The New American Standard Bible renders it: “I have inherited Your testimonies forever, for they are the joy of my heart. The NIV uses the term statutes instead of testimonies, which are both synonyms for precepts, judgments, and laws.
Psalm 119:142 Your righteousness is an everlasting righteousness, and Your law is truth.
Psalm 119:152 Concerning Your testimonies, I have known of old that You have founded them forever.
The NIV translates it this way: “Long ago I learned from your statutes that you established them to last forever.”
Psalm 119:160 The entirety of Your word is truth, and every one of Your righteous judgments endures forever.
In the Amplified we read: “The sum of Your word is truth [the total of the full meaning of Your individual precepts]; and every one of Your righteous decrees endures forever.” The NIV renders this same passage: “All your words are true; all your righteous laws are eternal.” In other words, long after we have been resurrected and transformed into dazzling, luminous spirit beings, the eternal principles governing all aspects of God’s holy law will be perpetually in force, and the inner core of our being will delight in them forever.
We will, in essence, be composed of law. We do not want to be free from law, but free from sin which is the transgression of the law (I John 3:4).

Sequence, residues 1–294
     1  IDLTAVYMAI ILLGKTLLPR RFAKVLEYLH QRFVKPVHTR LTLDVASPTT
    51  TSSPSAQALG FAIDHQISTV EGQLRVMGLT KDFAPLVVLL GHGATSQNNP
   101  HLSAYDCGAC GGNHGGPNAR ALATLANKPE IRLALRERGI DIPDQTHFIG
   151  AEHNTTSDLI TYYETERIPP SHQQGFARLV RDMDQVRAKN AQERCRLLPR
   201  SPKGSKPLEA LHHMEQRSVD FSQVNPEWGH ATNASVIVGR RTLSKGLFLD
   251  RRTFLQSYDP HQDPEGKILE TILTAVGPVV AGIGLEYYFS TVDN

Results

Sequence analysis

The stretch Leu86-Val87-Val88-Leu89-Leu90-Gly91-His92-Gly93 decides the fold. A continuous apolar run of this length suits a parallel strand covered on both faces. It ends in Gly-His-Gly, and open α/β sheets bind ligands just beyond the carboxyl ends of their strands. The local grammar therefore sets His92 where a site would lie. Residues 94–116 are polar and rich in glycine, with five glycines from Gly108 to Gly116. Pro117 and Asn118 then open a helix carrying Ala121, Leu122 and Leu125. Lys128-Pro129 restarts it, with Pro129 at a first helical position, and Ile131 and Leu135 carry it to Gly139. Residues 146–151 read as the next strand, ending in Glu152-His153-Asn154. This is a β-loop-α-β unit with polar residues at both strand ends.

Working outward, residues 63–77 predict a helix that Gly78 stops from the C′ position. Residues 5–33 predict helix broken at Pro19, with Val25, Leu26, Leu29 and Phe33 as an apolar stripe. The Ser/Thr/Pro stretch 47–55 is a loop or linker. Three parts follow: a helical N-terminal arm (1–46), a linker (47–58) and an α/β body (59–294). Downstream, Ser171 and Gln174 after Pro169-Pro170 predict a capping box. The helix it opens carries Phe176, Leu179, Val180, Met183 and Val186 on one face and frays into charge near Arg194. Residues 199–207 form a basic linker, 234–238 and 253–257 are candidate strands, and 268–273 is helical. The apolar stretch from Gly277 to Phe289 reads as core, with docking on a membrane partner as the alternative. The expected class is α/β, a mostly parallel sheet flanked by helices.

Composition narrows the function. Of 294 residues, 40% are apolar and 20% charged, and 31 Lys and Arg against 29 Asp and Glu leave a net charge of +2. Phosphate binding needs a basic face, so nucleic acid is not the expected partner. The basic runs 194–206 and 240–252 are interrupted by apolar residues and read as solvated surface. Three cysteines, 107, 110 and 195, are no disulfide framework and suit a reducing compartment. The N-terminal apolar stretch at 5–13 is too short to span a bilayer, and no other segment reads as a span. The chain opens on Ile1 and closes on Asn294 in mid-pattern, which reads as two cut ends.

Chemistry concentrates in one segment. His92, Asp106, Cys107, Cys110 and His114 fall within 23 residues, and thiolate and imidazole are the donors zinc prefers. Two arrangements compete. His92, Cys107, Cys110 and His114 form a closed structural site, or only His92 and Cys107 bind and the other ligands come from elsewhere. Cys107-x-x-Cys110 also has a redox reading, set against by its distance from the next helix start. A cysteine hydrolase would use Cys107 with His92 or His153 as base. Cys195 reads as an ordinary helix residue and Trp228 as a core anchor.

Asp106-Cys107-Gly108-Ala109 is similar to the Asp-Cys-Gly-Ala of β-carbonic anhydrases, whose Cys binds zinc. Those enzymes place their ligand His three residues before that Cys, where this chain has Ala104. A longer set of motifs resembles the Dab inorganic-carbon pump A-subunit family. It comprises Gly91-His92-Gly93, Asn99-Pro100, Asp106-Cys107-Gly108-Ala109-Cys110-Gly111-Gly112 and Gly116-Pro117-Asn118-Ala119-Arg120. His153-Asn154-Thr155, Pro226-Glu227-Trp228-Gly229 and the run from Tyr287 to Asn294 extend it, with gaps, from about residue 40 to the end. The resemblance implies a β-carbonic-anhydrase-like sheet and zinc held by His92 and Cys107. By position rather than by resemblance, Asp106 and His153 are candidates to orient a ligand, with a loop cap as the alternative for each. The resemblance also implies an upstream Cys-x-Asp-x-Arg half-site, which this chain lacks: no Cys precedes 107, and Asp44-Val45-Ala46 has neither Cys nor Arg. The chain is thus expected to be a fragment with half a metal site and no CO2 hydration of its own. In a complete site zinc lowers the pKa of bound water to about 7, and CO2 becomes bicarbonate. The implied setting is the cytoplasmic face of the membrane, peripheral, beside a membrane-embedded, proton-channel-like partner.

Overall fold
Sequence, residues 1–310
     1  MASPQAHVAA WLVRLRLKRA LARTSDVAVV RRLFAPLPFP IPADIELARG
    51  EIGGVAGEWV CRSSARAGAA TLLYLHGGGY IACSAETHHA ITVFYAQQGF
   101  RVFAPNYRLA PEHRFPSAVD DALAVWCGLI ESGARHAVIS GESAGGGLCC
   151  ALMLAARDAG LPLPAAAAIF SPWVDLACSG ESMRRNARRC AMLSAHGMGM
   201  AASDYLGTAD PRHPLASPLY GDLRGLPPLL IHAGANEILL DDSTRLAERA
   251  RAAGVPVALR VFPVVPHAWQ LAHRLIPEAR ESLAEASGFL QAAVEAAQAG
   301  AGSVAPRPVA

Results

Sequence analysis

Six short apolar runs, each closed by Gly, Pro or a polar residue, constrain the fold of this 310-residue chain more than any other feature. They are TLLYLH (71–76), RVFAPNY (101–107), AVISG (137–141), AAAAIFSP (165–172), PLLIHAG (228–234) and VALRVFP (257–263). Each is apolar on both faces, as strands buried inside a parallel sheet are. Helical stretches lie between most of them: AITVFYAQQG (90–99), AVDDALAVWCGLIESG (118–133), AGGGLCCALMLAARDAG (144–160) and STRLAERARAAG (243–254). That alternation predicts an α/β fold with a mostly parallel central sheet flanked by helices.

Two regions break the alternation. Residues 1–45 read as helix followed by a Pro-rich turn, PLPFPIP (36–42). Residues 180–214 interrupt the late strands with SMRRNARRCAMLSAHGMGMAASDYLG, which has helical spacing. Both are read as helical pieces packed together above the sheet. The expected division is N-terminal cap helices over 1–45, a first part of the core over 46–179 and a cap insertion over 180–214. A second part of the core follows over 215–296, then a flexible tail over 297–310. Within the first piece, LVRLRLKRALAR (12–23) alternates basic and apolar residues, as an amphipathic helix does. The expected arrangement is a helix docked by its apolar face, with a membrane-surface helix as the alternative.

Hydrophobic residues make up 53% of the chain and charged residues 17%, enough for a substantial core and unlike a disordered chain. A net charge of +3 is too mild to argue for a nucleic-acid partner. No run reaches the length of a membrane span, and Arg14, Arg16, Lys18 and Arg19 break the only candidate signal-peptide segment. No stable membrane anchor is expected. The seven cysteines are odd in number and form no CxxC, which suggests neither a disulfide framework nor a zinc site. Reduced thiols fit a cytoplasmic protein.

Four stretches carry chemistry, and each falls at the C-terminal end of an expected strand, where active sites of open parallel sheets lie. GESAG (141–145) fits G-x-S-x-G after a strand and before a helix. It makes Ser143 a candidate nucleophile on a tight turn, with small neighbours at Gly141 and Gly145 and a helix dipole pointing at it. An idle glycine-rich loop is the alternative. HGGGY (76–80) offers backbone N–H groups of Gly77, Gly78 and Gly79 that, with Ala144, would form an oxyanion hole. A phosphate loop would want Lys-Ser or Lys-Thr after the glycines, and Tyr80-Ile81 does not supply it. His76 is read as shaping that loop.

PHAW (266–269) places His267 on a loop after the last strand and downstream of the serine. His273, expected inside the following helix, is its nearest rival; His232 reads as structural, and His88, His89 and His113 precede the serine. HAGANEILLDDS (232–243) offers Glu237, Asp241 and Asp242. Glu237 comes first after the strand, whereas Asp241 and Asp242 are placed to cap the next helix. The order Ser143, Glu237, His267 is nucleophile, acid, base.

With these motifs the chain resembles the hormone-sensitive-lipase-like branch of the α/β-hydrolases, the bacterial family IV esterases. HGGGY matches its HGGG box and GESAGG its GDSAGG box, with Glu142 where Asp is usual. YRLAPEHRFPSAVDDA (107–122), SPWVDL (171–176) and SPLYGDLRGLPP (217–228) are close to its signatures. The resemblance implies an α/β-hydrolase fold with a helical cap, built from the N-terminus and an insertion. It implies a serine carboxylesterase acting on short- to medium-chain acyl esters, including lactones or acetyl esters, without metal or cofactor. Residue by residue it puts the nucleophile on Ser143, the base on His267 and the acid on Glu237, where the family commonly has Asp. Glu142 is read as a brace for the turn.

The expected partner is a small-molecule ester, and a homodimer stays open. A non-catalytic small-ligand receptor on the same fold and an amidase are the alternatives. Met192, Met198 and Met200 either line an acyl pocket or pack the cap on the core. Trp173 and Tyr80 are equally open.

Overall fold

Exodus 15:25-26 There He [the Lord God] made a statute and an ordinance for them, and there He tested them, and said, “If you diligently heed the voice of the LORD your God and do what is right in His sight, give ear to His commandments and keep all His statutes, I will put none of the diseases on which I have brought on the Egyptians. For I am the LORD who heals you.”
Moses reiterates this conditional promise in the second giving of the law:
Deuteronomy 7:15 “And the LORD will take away from you all sickness, and will afflict you with none of the terrible diseases of Egypt, but will lay them on all who hate you.”
Like the grace God bestows upon His people, these health blessings are conditional and require submission to His holy laws and statutes. Healing, which Jesus Christ deliberately associated with forgiveness of sins (referencing Matthew 9:5 and Luke 5:23) is also conditional, dependent upon unconditionally submitting to His laws, judgments, ordinances, decrees, and precepts. Knowing God’s law and acknowledging its value is not good enough—we must be actively keeping and doing it.